Ball State Begins Final Phase of Geothermal System

Joanna Schroeder

Ball State is the home of the country’s largest geothermal system. This week the university began the second and final phase of converting to a geothermal ground-source heat pump system. The project began in 2009 and the first phase was completed earlier this year and now provides heating and cooling to nearly half the campus. Upon completion, the conversion should save Ball State $2 million a year.

The geothermal system is a vertical, closed-loop district system that uses only fresh water. It works by using the heat stored in ground water and thermal masses. A geothermal heat pump uses the Earth as either a heat source, when operating in heating mode, or a heat sink, when operating in cooling mode.

“When costs began to escalate for the installation of a new fossil fuel burning boiler, the university began to evaluate other renewable energy options,” said Jim Lowe, director of engineering, construction and operations. “This led to the decision to convert the campus to a more efficient geothermal-based heating and cooling system.”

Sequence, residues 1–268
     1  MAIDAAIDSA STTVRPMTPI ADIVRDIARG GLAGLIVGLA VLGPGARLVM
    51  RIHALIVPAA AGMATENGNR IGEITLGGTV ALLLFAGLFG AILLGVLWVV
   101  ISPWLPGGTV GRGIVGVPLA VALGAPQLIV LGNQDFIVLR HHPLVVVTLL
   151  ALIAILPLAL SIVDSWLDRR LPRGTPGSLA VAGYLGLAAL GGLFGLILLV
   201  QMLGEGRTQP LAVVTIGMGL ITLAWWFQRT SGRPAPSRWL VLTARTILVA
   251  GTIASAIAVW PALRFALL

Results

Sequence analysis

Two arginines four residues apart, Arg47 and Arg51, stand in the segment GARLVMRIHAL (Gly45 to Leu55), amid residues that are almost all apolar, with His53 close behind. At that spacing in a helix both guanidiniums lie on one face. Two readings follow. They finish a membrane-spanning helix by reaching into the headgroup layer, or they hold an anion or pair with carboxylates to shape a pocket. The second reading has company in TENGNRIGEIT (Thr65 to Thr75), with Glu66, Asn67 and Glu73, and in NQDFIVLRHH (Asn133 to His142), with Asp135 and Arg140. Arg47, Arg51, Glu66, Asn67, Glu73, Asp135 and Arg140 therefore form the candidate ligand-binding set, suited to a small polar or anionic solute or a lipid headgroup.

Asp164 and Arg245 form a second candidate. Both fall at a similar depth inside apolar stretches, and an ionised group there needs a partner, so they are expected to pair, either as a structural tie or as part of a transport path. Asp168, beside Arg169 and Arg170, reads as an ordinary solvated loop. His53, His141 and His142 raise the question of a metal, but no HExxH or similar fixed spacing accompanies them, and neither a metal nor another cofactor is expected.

Phase 2 includes installation of 780 of the remaining 1,800 boreholes in a field on the south area of campus. Construction will continue throughout 2013-2014 and will include a new District Energy Station South containing two 2,500-ton heat pump chillers and a hot water loop around the south portion of campus. The system will then connect to all buildings on campus — eventually providing heating and cooling to 5.5 million square feet.

Electricity, Energy, Geothermal